House of Lords Speeches and Debates
Information about debate contributions made by Professor Lord Bhattacharyya. Further information about the House of Lords can be found at the Hansard Report for UK Parliament.
15 October 2015
Today, trailblazer employer groups are setting new apprenticeship standards. However, progress is slow, with only 54 agreed. When new standards are agreed, there will still be much poor training and some bad employers out there. Ofsted is excellent, but its last annual report showed that it inspected just 16 employers and 40 independent learning providers that taught apprentices. It cannot monitor thousands of employers and hundreds of vocations. In Germany, the dual system relies on the chambers of commerce supervising training, assessing quality, and setting exams. In Britain, there is no such established industrial partnership driving quality. There is no clarity on how standards will be monitored or inspected in the future. We must create the capability in industry to drive up quality in the workplace.
10 September 2015
Increasing innovation spend requires more work than a tax cut. On infrastructure, it is easier to review than to decide. We need an infrastructure commission to get projects agreed, as Sir John Armitt has proposed. While we must demand business investment in skills, it would be a mistake to cut FE spending before they do.
21 July 2015
If businesses benefit from reduced corporation tax, they should contribute to improving productivity. Industry should help to design the levy but it must not be delayed or watered down. A target of 3 million apprenticeships has been set. Without the levy, only cheap, low-skill apprenticeships would be offered, as is happening now. This means that the funding from the apprenticeship levy is essential to transforming technical education in Britain. The Government should set out the detail of their plans and how they will be delivered.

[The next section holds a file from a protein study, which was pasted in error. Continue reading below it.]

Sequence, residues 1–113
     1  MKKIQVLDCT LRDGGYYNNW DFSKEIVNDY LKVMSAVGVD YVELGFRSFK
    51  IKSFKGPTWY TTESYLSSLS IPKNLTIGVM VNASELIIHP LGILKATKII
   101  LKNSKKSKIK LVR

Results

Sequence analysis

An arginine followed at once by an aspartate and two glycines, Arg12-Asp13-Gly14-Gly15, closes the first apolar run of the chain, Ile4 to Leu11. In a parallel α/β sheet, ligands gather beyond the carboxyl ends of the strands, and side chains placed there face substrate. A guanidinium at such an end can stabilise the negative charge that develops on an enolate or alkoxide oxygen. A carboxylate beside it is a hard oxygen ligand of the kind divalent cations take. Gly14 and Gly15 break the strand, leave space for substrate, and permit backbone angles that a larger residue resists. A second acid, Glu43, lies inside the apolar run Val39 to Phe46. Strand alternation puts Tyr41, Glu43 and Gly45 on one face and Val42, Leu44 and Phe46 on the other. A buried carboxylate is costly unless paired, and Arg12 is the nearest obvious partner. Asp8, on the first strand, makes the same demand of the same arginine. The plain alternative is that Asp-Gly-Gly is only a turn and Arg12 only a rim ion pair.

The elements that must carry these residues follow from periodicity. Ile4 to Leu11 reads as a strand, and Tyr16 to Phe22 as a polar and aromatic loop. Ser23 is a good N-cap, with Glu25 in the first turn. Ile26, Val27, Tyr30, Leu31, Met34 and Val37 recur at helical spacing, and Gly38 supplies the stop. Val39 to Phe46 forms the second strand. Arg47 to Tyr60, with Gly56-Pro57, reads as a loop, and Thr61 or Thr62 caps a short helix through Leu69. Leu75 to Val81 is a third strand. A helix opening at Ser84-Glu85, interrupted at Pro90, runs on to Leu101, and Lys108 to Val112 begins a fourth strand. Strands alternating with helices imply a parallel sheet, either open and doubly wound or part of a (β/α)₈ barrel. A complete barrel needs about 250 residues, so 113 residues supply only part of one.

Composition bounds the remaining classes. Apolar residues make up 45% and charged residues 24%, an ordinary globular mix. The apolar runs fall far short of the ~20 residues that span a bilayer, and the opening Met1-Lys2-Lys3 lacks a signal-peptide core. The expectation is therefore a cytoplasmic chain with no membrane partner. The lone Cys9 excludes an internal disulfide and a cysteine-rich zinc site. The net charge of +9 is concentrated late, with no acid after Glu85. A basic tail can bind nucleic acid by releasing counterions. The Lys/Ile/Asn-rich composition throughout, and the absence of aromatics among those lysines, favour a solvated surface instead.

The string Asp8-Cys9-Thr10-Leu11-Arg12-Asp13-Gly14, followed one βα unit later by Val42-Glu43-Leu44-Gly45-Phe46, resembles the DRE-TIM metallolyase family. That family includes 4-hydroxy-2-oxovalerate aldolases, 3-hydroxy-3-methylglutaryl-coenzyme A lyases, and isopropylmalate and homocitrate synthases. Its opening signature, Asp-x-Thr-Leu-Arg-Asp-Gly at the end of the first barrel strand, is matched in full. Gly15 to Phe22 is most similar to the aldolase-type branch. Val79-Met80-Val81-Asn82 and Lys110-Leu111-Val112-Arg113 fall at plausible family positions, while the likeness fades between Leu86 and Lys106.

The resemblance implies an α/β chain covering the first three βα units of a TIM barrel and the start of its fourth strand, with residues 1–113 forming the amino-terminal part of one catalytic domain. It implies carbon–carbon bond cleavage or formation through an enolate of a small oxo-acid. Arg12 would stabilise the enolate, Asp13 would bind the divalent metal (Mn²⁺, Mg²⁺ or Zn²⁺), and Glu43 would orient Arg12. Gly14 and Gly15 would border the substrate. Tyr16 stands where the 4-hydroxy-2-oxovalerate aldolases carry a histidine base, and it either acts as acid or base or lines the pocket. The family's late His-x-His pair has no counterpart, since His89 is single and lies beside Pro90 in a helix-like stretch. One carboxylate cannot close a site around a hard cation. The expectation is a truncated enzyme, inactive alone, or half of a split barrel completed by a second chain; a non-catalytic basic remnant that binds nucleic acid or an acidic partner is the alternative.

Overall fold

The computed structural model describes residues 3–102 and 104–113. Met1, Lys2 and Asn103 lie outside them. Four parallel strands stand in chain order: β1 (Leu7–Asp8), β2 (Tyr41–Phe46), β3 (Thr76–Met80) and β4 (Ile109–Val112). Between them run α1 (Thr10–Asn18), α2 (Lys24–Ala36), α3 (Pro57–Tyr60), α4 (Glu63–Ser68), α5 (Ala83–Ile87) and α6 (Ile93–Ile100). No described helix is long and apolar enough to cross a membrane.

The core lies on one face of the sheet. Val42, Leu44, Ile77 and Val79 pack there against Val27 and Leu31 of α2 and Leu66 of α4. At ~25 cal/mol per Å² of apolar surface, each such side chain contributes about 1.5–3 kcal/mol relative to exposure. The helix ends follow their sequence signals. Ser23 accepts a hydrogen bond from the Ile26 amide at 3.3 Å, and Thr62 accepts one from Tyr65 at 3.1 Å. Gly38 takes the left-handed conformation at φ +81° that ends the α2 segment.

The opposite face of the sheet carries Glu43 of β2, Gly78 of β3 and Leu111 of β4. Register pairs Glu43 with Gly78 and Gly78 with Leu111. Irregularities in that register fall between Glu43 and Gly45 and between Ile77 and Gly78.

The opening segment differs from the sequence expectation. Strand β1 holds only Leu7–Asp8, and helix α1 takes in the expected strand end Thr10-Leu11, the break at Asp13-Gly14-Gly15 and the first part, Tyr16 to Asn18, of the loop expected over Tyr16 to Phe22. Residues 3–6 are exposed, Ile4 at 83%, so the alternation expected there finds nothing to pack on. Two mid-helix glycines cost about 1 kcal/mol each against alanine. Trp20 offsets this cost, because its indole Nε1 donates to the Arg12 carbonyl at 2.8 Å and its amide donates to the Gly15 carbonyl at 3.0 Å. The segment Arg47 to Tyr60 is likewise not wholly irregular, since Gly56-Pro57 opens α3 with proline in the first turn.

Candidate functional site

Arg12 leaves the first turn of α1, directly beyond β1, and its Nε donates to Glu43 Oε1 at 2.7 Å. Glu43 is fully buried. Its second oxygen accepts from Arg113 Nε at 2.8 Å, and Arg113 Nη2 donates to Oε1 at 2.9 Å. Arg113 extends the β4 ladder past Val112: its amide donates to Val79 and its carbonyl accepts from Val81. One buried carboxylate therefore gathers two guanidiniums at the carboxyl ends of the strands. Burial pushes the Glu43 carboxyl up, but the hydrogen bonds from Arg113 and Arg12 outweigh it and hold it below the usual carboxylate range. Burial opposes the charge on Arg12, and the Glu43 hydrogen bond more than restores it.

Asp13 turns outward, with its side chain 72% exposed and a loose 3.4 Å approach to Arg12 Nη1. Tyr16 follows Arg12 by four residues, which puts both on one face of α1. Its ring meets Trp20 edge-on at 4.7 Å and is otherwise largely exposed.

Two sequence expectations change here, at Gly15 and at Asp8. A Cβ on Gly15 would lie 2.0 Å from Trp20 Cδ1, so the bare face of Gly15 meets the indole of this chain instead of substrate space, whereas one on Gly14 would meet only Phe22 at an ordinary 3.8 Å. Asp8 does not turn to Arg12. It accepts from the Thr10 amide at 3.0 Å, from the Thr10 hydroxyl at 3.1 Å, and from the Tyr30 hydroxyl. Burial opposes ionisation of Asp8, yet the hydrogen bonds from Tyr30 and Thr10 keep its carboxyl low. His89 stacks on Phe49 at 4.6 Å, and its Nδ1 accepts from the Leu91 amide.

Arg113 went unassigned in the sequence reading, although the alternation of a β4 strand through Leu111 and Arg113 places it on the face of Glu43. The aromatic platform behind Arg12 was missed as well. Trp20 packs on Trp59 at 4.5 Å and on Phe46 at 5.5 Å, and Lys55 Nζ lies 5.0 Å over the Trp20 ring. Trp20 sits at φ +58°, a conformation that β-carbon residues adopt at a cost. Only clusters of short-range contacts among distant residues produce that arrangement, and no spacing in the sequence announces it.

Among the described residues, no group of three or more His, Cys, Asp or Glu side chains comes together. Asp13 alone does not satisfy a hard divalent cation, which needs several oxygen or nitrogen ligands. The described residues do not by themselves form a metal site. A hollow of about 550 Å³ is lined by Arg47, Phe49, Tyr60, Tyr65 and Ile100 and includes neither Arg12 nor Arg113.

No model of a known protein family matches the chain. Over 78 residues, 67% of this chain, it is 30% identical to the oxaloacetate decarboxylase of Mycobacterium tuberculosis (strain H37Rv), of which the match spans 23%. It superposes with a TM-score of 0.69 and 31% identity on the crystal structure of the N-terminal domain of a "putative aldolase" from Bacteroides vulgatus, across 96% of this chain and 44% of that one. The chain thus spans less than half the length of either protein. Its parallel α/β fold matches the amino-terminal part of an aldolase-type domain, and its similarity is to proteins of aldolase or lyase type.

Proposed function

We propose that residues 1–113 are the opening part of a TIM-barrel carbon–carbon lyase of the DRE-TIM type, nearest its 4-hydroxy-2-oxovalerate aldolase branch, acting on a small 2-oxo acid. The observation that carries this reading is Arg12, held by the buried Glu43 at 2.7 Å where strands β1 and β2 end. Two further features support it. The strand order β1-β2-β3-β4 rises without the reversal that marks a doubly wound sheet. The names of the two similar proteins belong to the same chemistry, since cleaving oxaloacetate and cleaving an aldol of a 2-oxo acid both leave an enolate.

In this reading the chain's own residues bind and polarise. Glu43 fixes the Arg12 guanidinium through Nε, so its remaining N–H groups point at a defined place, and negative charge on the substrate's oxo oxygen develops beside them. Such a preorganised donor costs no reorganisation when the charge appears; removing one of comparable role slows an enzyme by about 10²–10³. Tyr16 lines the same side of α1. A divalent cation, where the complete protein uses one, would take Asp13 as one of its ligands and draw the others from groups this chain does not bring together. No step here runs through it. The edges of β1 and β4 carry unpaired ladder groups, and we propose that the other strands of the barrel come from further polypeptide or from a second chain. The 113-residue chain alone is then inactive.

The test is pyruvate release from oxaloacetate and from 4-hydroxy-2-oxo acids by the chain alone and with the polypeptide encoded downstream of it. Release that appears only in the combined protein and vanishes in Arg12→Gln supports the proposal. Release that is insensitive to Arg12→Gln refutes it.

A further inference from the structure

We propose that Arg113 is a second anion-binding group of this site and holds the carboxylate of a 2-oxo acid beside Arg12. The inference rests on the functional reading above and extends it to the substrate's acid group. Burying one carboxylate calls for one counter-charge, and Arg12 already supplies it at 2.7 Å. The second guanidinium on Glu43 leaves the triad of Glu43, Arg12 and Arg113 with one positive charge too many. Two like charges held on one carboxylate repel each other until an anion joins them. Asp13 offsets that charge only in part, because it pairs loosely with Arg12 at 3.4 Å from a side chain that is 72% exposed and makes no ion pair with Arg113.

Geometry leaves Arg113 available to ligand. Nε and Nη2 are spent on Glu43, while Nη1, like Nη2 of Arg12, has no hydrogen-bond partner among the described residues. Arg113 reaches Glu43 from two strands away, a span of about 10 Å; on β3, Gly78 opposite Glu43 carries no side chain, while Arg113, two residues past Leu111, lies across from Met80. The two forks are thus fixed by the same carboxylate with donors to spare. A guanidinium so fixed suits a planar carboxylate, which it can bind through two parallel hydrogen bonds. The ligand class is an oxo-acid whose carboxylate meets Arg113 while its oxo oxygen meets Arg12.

05 March 2015
How can we do better? First, we must offer all young people the chance to advance their careers while still at school, not just those destined for higher education. This requires a greater variety of educational provision, which could be delivered through vocational courses, specialist schools, university technical colleges or even by industrial partners—provision by industrial partners is growing.
22 January 2015
Infrastructure assessments would create a better understanding of future needs and lead to stronger medium-term plans under departmental leadership. Ministers would have greater certainty about resources as their party would have been consulted on priorities from the beginning. Now Ministers only have a choice between the plans of their predecessors and further delay. With improved advance planning, Ministers could better set priorities and choose which projects should go ahead.
23 October 2014
To offer quality apprenticeships, smaller businesses need support to impart quality skills, with a curriculum that they own and help deliver. We therefore need to improve the skills provision of FE colleges and their reputation with local businesses. This is essential if we are to deliver courses that employers will value, pay for and send their young workers from the factory floor to college to complete.